Everyone is aware of the shift that is happening in computing and technology. We’re moving away from the days where techno-lust was incited by the latest and fastest processor or the most amount of RAM. Now, it’s all about experience. Which gadgets (phone, tablet, laptop etc.) provide the best experience? Which tablet is the best to read on? Which laptop goes from off to loaded webpage the fastest? What app ecosystem has the best selection?
Apple is dominating the laptop market with the MacBook Air. It may not be the fastest in terms of raw numbers, but it’s winning the only numbers game that matters: sales.
Specs matter less for a variety of reasons. Paraphrasing MG Siegler, computers became “good enough”, Windows lost its iron grip (thus making comparisons harder) and new platforms made benchmarking impossible. The average non-nerd doesn’t understand what “Intel Core i7 2670QM (2.2 GHz, 6MB L3 Cache)” even means. They don’t actually care and they shouldn’t have to.
Feature Check Lists
In addition, selling products using neat little tables of feature check lists doesn’t work anymore. Imagine if tech reviews compared the iPad, Kindle Fire and Samsung Galaxy Tab using a little table 1:
|Feature||iPad||Kindle Fire||Galaxy Tab|
In reality, the differences between reading on these devices are substantial and although they all may have access to a music store, which one provides a better experience?
The point is that in a post-spec world, comparing hardware or software based on a feature list is impossible and results in poor choices.
Trouble for Institutions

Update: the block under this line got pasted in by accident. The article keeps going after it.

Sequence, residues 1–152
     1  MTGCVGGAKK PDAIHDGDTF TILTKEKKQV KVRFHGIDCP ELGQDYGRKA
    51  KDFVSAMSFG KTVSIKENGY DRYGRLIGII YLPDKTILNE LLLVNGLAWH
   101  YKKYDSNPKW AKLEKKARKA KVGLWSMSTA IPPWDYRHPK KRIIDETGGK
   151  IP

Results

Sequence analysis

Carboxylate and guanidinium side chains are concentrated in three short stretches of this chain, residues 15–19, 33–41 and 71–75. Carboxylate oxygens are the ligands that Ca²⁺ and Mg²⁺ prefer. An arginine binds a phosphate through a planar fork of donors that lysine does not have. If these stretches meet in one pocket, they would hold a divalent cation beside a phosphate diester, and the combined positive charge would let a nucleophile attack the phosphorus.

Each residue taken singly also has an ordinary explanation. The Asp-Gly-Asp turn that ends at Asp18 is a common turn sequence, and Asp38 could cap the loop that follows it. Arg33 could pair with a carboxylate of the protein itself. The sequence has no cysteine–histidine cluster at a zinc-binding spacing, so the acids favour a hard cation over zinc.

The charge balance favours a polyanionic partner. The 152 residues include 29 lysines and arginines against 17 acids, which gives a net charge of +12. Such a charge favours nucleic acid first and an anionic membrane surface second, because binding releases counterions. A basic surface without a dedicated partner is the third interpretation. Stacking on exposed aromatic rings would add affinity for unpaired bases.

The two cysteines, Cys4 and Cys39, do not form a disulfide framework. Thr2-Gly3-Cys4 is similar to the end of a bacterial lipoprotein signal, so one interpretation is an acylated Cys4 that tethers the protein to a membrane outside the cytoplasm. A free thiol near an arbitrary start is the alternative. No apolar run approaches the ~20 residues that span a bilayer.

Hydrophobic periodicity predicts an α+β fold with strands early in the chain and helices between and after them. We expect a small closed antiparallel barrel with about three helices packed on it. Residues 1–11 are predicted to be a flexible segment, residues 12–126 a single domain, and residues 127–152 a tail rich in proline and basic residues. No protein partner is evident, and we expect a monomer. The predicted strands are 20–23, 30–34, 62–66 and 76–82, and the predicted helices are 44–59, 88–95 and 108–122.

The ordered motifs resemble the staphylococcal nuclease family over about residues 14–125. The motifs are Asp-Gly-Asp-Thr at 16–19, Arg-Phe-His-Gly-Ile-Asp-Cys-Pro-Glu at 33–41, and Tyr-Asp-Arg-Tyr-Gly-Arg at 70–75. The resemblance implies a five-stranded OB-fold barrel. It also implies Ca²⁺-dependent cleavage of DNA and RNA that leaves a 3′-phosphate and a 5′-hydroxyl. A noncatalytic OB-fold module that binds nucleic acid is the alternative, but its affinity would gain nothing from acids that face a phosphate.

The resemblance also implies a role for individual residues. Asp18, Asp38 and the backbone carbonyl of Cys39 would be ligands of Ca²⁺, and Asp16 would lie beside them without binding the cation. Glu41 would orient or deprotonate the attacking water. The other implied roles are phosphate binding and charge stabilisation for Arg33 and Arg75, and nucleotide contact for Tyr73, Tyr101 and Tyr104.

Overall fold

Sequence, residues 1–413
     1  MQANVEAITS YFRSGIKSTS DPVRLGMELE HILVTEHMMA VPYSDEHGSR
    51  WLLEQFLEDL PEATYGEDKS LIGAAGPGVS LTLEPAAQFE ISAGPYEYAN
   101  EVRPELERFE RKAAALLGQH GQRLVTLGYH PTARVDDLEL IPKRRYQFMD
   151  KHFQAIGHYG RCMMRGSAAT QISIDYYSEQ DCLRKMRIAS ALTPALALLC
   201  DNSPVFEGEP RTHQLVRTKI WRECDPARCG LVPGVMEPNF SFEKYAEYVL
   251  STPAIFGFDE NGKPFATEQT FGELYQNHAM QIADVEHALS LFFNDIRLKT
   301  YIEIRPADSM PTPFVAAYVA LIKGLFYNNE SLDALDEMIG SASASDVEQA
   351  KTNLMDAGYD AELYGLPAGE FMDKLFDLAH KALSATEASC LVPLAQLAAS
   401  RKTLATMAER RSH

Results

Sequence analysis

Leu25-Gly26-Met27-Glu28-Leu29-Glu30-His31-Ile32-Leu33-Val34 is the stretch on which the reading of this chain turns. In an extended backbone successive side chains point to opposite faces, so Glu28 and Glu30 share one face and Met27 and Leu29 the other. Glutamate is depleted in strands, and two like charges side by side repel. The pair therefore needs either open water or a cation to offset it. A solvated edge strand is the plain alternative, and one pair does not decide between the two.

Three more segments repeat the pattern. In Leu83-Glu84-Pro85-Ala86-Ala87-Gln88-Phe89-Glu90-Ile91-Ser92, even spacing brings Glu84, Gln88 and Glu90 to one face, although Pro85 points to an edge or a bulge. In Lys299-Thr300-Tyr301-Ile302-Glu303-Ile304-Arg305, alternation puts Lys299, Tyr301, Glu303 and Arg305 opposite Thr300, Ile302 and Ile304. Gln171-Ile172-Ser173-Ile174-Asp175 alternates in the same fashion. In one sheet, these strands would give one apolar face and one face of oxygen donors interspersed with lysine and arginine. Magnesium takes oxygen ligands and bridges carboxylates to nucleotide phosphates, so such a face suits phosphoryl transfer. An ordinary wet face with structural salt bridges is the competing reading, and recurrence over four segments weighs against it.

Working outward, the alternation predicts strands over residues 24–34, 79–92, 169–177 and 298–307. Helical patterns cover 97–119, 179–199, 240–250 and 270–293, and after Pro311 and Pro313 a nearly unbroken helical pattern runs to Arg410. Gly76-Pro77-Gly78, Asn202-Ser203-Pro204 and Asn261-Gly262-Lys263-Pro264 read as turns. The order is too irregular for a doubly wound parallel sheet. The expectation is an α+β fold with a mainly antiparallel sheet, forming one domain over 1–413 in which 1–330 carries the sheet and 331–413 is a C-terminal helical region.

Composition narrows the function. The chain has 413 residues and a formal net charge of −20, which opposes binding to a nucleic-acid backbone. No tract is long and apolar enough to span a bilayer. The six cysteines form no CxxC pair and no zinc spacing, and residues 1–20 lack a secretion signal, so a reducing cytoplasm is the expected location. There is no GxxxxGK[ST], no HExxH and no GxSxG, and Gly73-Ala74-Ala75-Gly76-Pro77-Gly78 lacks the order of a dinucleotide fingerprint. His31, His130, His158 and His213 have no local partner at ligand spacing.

This shift in priorities causes problems in enterprise and insitutional IT departments. So many purchasing decisions for both hardware and software are made based on specs or feature check lists.
My MacBook Pro may not have the same checkmarks in a feature comparison as the Windows 7 Enterprise machine my colleague is using, but I’m more productive in the same IT environment as he is. On paper, it doesn’t appear that way, but paper and reality usually have very little correlation.
Reliance on feature checklists is especially problematic with software. Example: another department asks for a solution to allow event tickets to be purchased online. Someone in IT researches a few solutions that appear (based on a feature list) to be compatible with whatever system the organization is using. The list looks like this:
|Online Checkout Solution|
|Compatibility:||Works with blah, blah and blah|
|Encryption:||Yes, industry standard|
|Processes credit cards:||Yes|
|Allows custom forms:||Yes|
|Generates registration lists:||Yes|
The IT analyst sees that the product meets all the requirements and the job is done. The product is bolted on 2 to the existing systems and everyone pats themselves on the back that they solved another challenge.
Meanwhile, Joe Customer is trying to actually use the online ticket purchasing system and is ripping his hair out because it’s user-hostile, requiring far too much work to understand and it looks like garbage. Mr. Customer decides that it’s not worth the trouble and ends up not buying tickets. The institution suffers as a result.
Institutions need to move away from making major purchasing decisions based on “this seems like it will do what we need it to do” and move to focusing on what the end user experiences. In their lives as consumers, customers have stopped caring about specs, so it’s only fair for them to expect the same from the institutions and companies they deal with.